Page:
After visiting the archeological site of Sayacmarca on Day 3 of the classic hike, you will hike 3 hours downhill to Phuyupatamarca, which is the third highest point of the trail. It is known as the “Inca Ruins Among the Clouds” due to its unique misty scenery close to the jungle border.

Located at an altitude of 3,670m, right in the middle of the Inca Trail Cloud Forest, this amazing site offers incredible views of the entire valley with its enormous green mountains! There are some squares from which you can even admire other Inca sites of Peru, such as the Intipata or Wiñay Wayna ruins!

Phuyupatamarca consists of fifteen buildings, two main squares, six ceremonial baths, and several small alleys, stairs, and platforms, making it a unique archeological site with breathtaking landscapes!

Wiñay Wayna

After continuing downhill through the forest, you will finally reach the Wiñay Wayna Inca trail ruins. Known as one of the best Inca ruins in Peru and the “Baby Machu Picchu”, this archeological site impresses with its remnants of steep, stepped agricultural terraces, several house constructions, staircases and a little fountain.

Wiñay Wayna literally means “Forever Young” and refers to a type of orchid that can also be found in this area. The Incan ruins are located on a mountain slope and are beautifully blended with nature, which used to be a typical feature of the Incan architecture. There is also a temple with seven windows in honour of the rainbow, which was considered a gift from the sun god, Inti.


Intipata is one of the lesser-known Inca sites in Peru and a kind of hidden gem due to its difficult and a little hidden location. This Inca place is an optional hike when taking the classic 4-day Inca trail hike to Machu Picchu. It is located at 2,840m above sea level and consists of agricultural terraces, which were typical Inca landmarks to create level platforms for growing crops on the steep slopes of the Andes Mountains.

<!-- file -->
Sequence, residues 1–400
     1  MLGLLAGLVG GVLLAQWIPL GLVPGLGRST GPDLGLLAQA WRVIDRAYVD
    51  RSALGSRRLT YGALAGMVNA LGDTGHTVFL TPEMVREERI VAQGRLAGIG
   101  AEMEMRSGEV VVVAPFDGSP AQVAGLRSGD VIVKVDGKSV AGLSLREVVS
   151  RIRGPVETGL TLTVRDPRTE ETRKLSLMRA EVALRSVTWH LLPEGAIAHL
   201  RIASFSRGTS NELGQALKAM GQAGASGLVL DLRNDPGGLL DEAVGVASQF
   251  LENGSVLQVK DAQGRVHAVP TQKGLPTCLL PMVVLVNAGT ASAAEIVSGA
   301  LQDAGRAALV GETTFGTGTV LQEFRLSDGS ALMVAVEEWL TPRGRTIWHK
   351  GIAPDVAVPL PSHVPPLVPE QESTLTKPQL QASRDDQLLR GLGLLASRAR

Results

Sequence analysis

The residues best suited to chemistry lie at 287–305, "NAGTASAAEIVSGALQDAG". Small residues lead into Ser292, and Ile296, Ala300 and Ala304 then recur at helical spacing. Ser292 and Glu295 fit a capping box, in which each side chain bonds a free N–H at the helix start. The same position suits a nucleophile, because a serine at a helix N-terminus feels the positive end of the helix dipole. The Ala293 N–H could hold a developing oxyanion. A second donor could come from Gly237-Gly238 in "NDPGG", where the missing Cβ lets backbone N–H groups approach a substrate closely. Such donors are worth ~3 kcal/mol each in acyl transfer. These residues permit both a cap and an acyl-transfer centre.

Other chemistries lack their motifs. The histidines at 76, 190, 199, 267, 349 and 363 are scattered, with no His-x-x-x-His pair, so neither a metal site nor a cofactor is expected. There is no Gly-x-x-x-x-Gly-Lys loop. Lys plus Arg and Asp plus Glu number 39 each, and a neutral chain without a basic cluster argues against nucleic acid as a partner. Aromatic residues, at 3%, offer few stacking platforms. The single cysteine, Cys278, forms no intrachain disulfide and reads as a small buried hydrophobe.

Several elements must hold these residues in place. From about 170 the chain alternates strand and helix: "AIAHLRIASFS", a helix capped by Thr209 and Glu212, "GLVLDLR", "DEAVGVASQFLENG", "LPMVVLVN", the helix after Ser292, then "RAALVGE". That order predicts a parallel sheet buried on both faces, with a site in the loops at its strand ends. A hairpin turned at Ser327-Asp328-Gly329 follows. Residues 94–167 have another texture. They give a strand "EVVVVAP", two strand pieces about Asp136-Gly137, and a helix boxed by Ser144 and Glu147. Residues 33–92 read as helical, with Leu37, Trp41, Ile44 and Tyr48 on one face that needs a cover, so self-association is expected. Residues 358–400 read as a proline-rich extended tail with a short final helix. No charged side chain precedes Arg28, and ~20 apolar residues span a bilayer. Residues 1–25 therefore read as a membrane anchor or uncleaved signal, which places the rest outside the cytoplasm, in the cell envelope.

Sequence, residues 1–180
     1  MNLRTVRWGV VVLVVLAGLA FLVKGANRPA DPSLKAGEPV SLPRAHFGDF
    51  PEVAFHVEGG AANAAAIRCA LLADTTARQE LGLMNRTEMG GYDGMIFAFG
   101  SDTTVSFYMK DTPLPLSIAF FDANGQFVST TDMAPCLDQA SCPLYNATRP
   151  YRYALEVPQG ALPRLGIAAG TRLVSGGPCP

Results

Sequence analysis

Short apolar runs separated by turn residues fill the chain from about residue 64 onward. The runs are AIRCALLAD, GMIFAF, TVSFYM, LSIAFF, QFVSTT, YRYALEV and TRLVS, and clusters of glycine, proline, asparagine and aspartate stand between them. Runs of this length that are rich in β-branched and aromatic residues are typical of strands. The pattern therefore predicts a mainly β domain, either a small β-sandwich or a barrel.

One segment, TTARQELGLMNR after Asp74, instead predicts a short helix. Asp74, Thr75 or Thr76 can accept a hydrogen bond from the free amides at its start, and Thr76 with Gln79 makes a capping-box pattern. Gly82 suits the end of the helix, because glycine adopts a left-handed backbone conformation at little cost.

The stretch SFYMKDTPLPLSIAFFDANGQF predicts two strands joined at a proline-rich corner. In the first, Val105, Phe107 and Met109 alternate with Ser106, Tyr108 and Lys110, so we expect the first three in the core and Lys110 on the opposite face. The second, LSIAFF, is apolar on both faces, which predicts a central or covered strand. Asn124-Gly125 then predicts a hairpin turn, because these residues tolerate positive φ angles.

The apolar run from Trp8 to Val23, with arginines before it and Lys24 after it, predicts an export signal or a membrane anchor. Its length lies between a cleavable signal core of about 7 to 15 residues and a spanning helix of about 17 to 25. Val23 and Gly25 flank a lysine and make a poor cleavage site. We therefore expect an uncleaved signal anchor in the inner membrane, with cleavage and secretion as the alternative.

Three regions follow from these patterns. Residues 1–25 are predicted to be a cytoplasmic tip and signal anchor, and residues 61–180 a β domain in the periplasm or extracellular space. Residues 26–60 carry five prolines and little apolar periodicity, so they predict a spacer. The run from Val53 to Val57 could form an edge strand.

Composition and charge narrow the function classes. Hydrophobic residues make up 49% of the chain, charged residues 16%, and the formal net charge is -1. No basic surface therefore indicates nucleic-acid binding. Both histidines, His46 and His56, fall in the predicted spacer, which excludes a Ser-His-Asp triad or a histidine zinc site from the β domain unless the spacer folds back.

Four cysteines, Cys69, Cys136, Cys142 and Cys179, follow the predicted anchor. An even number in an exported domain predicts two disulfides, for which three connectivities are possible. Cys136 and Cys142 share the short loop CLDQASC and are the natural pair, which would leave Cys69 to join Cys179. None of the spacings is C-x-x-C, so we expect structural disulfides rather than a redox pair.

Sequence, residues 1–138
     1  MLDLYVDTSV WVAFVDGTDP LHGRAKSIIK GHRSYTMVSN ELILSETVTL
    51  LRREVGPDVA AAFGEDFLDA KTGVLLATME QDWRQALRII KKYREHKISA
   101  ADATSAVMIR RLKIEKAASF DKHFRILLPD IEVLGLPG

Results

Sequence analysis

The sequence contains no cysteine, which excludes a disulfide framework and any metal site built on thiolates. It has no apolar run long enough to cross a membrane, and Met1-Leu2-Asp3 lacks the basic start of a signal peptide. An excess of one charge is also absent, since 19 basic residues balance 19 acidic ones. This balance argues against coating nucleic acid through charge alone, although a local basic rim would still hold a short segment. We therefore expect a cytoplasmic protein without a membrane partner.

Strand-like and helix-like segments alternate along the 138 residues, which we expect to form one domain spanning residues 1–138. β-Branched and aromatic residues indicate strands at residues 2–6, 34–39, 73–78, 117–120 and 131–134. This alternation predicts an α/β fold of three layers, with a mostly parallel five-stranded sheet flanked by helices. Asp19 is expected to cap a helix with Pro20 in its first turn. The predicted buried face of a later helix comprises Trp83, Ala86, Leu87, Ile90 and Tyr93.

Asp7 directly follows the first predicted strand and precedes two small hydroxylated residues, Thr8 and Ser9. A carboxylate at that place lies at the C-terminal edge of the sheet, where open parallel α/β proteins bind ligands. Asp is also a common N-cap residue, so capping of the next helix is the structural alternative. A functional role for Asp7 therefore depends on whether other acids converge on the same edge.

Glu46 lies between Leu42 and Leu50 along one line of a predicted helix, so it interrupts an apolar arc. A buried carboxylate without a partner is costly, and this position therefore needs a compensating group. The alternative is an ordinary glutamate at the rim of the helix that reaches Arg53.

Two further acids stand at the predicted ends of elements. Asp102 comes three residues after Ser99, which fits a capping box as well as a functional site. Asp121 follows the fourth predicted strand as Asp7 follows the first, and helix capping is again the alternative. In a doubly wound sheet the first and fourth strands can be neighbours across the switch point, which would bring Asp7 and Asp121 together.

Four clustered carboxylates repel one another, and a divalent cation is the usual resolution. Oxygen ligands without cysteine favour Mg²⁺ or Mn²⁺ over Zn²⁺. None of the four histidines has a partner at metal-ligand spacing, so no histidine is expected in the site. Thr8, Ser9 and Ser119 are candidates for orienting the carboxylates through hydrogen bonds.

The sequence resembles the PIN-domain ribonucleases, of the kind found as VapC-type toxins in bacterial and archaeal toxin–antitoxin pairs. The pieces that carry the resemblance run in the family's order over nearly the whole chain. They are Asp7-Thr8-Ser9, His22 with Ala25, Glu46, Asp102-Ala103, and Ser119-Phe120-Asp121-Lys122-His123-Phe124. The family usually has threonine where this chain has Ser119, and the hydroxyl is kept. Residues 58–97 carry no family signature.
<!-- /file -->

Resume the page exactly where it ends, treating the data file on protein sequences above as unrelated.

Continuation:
It was constructed in a way to keep the natural aesthetic of the environment and offers beautiful views, especially at dawn when the sun rises. This is probably the reason why it is called Intipata, which means in Quechua “place of the sun”!

When you walk along the original Inca trail, you might miss this hidden site. Once you are close to an electrical post, you can take a small deviation on the trek, turning left and walking for about 20 minutes towards the Intipata Inca trail ruins.

Inti punku

Inti Punku

Inti Punku, the “Sun Gate,” is dedicated to the sun god, Inti. Leading directly to the Inca village Machu Picchu, it was probably used as a control gate for entering the sacred Inca citadel. Located at 2,745m, these popular ruins of Peru consist of windows and gates, held up by terraces. It is one of the most well-known Machu Picchu sights, since Inca trail trekkers get a first glimpse of the World Wonder from there, being able to admire the early morning light over the mountain range of Machu Picchu.

Inca Ruins at Machu Picchu

Once arriving at the Inca town of Machu Picchu after four or five days of challenging trekking, you will be able to admire an enormous expanse of architectural features spread over an area of 32,592 hectares. These Inca Empire ruins consist of many different quarters, squares, alleys, buildings, astronomical observatories and terraces.

But what is there to do in Machu Picchu? Keep reading for more information about the best places to visit in Machu Picchu, as well as valuable historical and spiritual background stories of the four main features within the Inca citadel.

Main photo Machu Picchu 1 Day

Central Plaza

The Central Plaza is one of the main Machu Picchu sights and surrounded by roofless stone constructions right in between the steep agricultural terraces. The plaza itself is the green island amid the Inca stone buildings, from where you will often see llamas grazing and enjoy a great view of Huayna Picchu Mountain.

Temple of the Condor

The Temple of the Condor is another of the key Machu Picchu landmarks due to its exquisite architectural construction and fascinating use of material. These ruins of Machu Picchu consist of natural rock, which was skilfully shaped into a condor in flight.